CHARLESTON CITY PAPER 10.28.2020

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BILOXI BLUES TELLS THE STORY OF A YOUNG MAN FROM BROOKLYN GOING TO BOOT CAMP IN MISSISSIPPI

Army Fatigue The Citadel recruits an acting coach and a retired drill sergeant for Biloxi Blues BY VINCENT HARRIS

CHARLESTON CITY PAPER 10.28.2020

Fri. Oct. 30 - Sun. Nov. 1 7:30 p.m. (Fri. & Sat.), 3 p.m. (Sun.) $30, $20 (students) South of Broadway Theatre Co. (843) 745-0317 southofbroadway.com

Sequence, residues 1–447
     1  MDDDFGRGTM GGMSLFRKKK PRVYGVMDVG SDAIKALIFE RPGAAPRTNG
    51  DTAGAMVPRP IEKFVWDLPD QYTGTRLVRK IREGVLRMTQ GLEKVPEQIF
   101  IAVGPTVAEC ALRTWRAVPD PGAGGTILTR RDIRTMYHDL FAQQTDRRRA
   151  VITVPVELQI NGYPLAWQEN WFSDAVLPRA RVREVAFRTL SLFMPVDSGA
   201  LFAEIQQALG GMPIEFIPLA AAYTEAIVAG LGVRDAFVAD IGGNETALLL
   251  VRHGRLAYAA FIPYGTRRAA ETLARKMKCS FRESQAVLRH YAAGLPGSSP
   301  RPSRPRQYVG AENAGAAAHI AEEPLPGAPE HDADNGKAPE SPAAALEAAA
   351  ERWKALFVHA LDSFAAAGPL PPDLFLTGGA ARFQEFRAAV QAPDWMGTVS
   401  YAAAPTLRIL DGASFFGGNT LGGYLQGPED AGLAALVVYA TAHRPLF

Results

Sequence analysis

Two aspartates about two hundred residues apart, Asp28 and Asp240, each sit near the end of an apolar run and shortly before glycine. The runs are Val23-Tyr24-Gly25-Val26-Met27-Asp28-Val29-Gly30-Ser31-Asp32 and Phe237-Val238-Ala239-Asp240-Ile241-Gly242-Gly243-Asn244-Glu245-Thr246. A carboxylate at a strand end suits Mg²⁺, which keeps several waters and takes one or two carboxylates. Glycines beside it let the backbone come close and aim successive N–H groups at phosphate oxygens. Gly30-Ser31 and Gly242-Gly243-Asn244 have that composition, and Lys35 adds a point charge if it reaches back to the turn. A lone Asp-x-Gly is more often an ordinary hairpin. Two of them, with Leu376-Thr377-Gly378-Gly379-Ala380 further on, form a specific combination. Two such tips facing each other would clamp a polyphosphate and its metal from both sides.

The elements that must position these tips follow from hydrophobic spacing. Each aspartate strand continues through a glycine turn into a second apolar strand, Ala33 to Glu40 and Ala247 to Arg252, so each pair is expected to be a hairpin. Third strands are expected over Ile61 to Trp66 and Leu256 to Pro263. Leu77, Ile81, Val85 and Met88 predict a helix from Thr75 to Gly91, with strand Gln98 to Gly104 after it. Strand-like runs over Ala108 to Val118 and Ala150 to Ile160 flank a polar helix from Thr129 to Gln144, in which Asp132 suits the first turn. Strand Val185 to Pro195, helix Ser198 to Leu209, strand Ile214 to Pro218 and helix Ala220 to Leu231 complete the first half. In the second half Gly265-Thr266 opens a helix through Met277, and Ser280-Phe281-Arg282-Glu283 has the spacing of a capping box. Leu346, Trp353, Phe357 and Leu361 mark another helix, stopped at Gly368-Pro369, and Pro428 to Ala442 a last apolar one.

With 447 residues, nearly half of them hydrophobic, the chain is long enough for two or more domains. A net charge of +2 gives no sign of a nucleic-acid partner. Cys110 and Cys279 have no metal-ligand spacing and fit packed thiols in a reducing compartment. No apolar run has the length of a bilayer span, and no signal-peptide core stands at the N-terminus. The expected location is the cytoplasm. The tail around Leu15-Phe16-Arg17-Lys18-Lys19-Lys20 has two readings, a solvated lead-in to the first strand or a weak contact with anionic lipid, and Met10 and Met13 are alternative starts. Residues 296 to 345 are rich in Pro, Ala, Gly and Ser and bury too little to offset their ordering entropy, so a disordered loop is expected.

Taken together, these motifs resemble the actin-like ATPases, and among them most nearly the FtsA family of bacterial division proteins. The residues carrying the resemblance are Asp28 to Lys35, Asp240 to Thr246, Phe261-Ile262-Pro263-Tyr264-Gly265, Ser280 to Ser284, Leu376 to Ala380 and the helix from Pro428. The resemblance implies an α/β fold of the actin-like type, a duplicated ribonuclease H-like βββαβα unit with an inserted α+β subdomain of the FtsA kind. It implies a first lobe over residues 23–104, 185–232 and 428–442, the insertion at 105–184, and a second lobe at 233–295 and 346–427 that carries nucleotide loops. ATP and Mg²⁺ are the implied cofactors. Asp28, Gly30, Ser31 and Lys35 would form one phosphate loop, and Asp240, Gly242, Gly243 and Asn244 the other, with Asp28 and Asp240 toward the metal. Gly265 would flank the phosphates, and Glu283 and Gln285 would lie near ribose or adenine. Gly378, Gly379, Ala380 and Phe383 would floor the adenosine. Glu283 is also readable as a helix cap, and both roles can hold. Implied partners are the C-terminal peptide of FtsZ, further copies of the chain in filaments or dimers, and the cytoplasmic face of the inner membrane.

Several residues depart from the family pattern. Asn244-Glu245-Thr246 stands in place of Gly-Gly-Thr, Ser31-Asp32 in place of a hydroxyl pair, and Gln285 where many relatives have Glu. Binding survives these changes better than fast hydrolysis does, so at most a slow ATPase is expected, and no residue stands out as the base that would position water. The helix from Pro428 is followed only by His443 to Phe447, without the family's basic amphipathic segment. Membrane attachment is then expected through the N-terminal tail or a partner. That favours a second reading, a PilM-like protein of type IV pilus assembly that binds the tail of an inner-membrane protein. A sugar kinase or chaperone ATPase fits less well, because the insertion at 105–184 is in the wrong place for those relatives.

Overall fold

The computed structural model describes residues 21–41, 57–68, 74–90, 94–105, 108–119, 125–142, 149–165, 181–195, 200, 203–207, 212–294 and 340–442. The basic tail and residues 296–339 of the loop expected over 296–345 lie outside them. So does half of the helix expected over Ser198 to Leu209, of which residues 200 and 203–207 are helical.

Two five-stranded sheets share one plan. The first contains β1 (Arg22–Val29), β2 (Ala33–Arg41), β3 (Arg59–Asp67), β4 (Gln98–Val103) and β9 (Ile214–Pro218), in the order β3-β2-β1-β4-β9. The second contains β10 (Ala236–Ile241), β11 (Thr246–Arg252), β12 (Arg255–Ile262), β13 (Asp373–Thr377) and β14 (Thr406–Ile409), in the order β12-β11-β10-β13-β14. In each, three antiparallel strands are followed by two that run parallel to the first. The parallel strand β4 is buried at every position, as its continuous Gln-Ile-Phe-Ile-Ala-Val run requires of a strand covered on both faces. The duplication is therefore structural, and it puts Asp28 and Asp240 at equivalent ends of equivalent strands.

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If playwright Neil Simon’s semi-autobiographical play Brighton Beach Memoirs is his Star Wars, think of 1984’s Biloxi Blues as his Empire Strikes Back. The play, set in 1945, tells the story of young Brooklynite Eugene Jerome and his thorny relationship with his tougher-than-leather drill sergeant Merwin J. Toomey at boot camp in Biloxi, Mississippi. Biloxi Blues is certainly funny in places; it is a Neil Simon play, after all. But it’s also the most dramatic story in Simon’s Eugene Trilogy, serving as a coming-of-age interlude between the nostalgic tale of Brighton Beach Memoir and Broadway Bound, the final installment. The military is the main subject of Biloxi Blues, so it’s appropriate that The Citadel’s fine arts program and the South of Broadway Theater Company produced the play, directed by Citadel alum and acting coach Bob Luke. Luke spent much of the last few decades serving as an on-set coach for films including